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Later, Baby: Will Freezing Your Eggs Free Your Career?




There comes a point in every childless woman’s life, usually around 35, when the larger world becomes very interested in her womb. Friends and family inquire about its health, asking why it’s not being utilized, when it will be, and then: Will it even work? For those who do want children, the pressure can be crushing and counterproductive. “I found myself going on dates thinking, is this marriage material? Is this? Is he? It was exhausting,” says Dr. Suzanne LaJoie, an ob-gyn in Manhattan. “When I was in med school and residency, all my friends were having babies.” She went through a breakup in her mid-30s and started to worry she wouldn’t be able to have a child of her own. So in 2007, at age 37, she paid $10,000 for a round of oocyte cryopreservation, more commonly known as egg freezing. “I just wanted to take the pressure off,” LaJoie says. “Men don’t have a biological clock, and I felt like it leveled the playing field a bit.”

LaJoie fits the typical profile of an egg freezer: They’re great at their jobs, they make a ton of money, and they’ve followed all of Sheryl Sandberg’s advice. But the husband and baby haven’t materialized, and they can recite the stats about their rapidly decreasing fertility as a depressing party trick. For LaJoie, now 45, it was demoralizing to see friend after friend get married and have kids, while she was stuck at the hospital without romantic prospects.

“You feel bad about yourself, like you’re the odd man out, and somehow you’ve messed up on your path,” says Sarah Elizabeth Richards, who spent $50,000 freezing several rounds of eggs in 2006 to 2008 and wrote a book about the experience, Motherhood, Rescheduled: The New Frontier of Egg Freezing and the Women Who Tried It. “By freezing, you’ve done something about it. You’re walking taller; your head is held higher. And that can pay off in both your work and romantic lives.” Richards, now 43, is dating someone promising and says she’d like to thaw her eggs in the next year or so. She’s also at work on a new book and plans on finishing it before she tries to get pregnant. “Egg freezing gives you the gift of time to start a family, but it’s also, like, here’s how many years I actually have left for my other goals—what can I do with them?”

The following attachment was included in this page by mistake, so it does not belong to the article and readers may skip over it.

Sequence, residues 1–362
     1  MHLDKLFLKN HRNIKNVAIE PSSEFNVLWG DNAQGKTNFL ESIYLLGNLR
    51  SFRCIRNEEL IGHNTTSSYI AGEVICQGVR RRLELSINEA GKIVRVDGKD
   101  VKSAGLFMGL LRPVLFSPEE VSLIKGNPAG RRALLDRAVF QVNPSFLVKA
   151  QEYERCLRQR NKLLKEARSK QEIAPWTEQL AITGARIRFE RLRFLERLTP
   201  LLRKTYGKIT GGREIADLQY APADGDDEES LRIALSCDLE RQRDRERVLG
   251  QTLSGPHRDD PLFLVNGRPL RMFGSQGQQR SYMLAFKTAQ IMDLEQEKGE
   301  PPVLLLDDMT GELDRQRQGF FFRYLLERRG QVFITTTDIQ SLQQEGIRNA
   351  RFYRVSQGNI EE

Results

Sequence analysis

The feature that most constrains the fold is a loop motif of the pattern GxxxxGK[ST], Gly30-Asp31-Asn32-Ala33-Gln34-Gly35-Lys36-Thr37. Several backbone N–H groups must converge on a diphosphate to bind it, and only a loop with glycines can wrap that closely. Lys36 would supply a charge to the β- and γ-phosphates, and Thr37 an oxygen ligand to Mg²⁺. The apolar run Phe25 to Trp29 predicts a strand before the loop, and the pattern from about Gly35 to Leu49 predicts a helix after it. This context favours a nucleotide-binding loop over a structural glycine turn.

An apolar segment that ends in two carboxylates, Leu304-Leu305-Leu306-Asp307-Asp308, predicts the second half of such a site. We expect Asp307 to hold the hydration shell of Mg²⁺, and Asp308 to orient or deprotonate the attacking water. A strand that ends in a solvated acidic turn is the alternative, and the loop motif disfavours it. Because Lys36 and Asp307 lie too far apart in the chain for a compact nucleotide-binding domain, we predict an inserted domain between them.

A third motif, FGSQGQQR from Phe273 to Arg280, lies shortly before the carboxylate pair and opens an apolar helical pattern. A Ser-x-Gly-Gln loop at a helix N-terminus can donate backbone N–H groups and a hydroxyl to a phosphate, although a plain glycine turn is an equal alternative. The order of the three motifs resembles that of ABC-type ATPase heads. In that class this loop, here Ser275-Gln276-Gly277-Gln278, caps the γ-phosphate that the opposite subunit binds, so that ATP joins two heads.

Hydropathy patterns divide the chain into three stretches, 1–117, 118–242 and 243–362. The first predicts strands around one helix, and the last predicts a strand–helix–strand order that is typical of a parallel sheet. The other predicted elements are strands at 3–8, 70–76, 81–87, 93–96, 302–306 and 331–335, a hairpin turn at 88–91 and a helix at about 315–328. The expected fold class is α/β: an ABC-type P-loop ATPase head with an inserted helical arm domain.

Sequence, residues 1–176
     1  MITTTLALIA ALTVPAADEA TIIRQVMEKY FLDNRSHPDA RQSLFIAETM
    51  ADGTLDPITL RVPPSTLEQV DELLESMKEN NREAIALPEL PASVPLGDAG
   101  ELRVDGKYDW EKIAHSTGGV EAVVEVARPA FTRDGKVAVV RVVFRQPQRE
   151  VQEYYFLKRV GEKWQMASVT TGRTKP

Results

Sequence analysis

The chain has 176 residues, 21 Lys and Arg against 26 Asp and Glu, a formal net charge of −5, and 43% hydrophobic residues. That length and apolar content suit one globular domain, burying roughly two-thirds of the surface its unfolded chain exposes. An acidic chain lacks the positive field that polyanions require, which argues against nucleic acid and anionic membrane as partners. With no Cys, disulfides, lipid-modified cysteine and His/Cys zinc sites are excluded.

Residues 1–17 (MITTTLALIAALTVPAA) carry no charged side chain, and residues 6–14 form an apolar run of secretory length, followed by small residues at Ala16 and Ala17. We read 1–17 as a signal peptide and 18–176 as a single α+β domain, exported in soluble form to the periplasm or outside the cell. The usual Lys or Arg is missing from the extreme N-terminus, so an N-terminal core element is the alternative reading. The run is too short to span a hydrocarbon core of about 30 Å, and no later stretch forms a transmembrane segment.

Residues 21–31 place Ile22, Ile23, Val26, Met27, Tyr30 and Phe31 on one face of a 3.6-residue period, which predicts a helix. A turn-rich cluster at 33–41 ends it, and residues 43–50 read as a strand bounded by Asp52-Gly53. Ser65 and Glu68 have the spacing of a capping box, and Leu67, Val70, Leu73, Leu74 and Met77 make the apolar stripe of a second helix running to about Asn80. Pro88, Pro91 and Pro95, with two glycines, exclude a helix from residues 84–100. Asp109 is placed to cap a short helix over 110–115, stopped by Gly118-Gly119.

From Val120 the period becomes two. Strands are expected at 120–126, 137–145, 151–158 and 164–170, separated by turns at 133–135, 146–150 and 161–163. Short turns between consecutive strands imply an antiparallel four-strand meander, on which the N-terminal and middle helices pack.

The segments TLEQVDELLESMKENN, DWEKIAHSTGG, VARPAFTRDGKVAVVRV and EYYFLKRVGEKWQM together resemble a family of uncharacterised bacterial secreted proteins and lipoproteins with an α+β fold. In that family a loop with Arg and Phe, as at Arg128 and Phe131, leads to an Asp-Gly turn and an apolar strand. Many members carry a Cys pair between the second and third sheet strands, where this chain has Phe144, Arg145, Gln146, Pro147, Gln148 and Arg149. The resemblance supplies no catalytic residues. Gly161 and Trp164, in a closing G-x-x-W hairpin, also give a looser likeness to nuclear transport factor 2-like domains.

LaJoie got married soon after she froze (she told her husband about it on their very first date: “I was upfront and said, ‘This is my plan.’ He was, like, ‘OK!’ ”) and had her first baby naturally at 39. A few years later, after briefly trying fertility drugs, she thawed her eggs. The implantation worked, and her second son is 2 years old. “If I’d had kids when I was a resident, I wouldn’t have been able to spend any time with them—I was working a gazillion hours a week,” she says. “Now I can bring my 5-year-old to kindergarten every day.” In a 2013 New York University study of 183 women who’d frozen their eggs, 19 percent said they might have had a child earlier if their workplace had been more flexible.

The egg freezing generation, those latchkey kids of glass-ceiling breakers, were taught “that you create your career, and then everything else falls into place,” says Lauren, a 34-year-old lawyer in Los Angeles who froze her eggs in January and, like many of the women interviewed for this article, declined to reveal her full name in a national magazine for fear of staying single forever. “But now I know it’s not as easy as that.” Work hard, put off kids, and you might find yourself at 40 hearing a fertility doctor deliver the bad news. According to a 2008 analysis of data from the National Survey of Family Growth, among women 40 to 44, there are equal numbers of those who are childless by choice and those who would like to have children but can’t conceive.

Not since the birth control pill has a medical technology had such potential to change family and career planning. The average age of women who freeze their eggs is about 37, down from 39 only two years ago. (“Desperation level,” as Brigitte Adams, a marketing director at a Los Angeles software company who froze her eggs at 39, puts it.) And fertility doctors report that more women in their early 30s are coming in for the procedure. Not only do younger women have healthier eggs, they also have more time before they have to use them.

Read more: http://www.businessweek.com/articles/2014-04-17/new-egg-freezing-technology-eases-womens-career-family-angst#p1
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